“Problems Aren’t Really A Big Deal” by Harsha Ravindran (2016)

The other day, you could say I was panicking over every little thing. I sat for an exam which I had just enough time to finish before my paper was collected; I was having a decently unproductive week; I kept sleeping and eating instead of doing anything; I hadn’t written an article in what I felt was a long time; I had a few more tests to sit for the next day, and so on. 

Basically, everything I did seemed to annoy myself, making me unsatisfied with my own performance in life, in general. And as someone who at that time, had recently started being productive, slacking off even for a short period of time seemed like an undoable sin. 

After a while of being in this mode of stress, I calmed myself down and took a couple of deep breaths. I counted the things which I needed to do and saw that there wasn’t actually much to do. Then, I started feeling guilty because I didn’t finish all the things I needed to even though there wasn’t much to do.

Somewhere along this roller-coaster of odd emotions, I realized something which I felt like a lot of people needed to know: It wasn’t really a big deal. 

Haven’t done anything productive lately? Stop whining and go do something productive. Keep sleeping off when you’re supposed to be doing things? Get more sleep at night and go use the time you use to complain to actually get work done. 

I realized that all my problems were just insignificant little things which could be easily solved if I had just stopped being so emotional about them and went and did something to fix them instead. Most of my ‘major’ problems I had with procrastinating wasn’t really a big deal at all; in fact, the solutions to them were already staring right at me, wondering why I didn’t think of them.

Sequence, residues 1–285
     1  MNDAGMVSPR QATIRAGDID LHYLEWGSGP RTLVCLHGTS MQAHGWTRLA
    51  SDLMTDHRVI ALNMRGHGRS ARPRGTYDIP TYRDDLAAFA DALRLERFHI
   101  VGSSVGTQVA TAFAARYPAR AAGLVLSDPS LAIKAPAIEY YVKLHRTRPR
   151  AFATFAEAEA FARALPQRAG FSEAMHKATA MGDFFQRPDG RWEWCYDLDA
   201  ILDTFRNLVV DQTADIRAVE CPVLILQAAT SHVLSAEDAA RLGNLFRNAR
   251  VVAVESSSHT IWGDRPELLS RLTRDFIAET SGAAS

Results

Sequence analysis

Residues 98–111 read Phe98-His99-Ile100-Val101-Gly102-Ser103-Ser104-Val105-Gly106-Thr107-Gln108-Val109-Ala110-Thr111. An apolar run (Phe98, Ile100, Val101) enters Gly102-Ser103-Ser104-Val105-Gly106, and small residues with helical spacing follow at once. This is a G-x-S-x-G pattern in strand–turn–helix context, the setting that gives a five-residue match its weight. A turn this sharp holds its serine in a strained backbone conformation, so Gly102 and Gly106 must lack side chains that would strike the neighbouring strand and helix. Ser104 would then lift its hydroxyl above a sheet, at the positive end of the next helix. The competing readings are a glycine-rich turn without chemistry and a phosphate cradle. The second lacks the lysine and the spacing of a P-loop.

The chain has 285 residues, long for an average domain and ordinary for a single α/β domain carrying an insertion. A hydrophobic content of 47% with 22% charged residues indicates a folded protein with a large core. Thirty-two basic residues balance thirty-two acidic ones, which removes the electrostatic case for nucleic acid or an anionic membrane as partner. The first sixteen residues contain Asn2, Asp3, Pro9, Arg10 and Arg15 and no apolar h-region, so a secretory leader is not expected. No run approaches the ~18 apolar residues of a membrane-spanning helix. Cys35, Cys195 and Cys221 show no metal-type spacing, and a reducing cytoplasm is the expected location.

Then, I thought of the other not so life threatening problems I had, like how I got upset when my teacher forgot to give my class the new time-table; how I forgot to do this or that. Basically, how I was a control freak who wanted to do everything perfectly. And as much as this has its plus points, sometimes, once you’ve done your best, you just need to breathe and relax, not care about all the little things, making sure they don’t get to you. 

As for the other things like getting annoyed at people over little things, whether it’s my sister and I fighting over our laptop or when you forget to bring your lucky pen into the exam hall – I realized that as important as it seemed at that moment in time, it doesn’t really matter.

What pen you use in the exam hall isn’t the most important thing in comparison to what you write. Who uses the laptop first isn’t going to determine the future of the whole universe – these little things don’t really matter in the long run!

So, what do we do when we’re in one of these petty situations? Even though at that point of time the situation may seem huge, it usually turns out to be pointless or less important once we actually step out of it. 

It’s like that saying, “Don’t make mountains out of molehills”. Well, you’d only know whether it is a mountain or a molehill once you step back and examine the situation. Then, you can start looking for solutions.

Firstly, I would say you’d need to take a deep breath and do S.I.E.P. This way, you would be able to see the lesson in it and not get so emotionally involved in it. And most of the time, the situation itself would seem ridiculous but the lesson behind it would be vital for you to learn.

Then once you’ve learnt the lesson, try not to get too worked up about the whole thing and just move on. Remember, other than the lesson you learnt, most of it won’t really matter and might not exactly require such dramatic reactions, despite what we would normally do. 

Keep in mind that as important as something might seem now, in time to come, it would seem much smaller than you’d expect. In conclusion, focus on solutions and the problems won’t matter to you anymore and don’t get too worked up over the little things.

– Harsha

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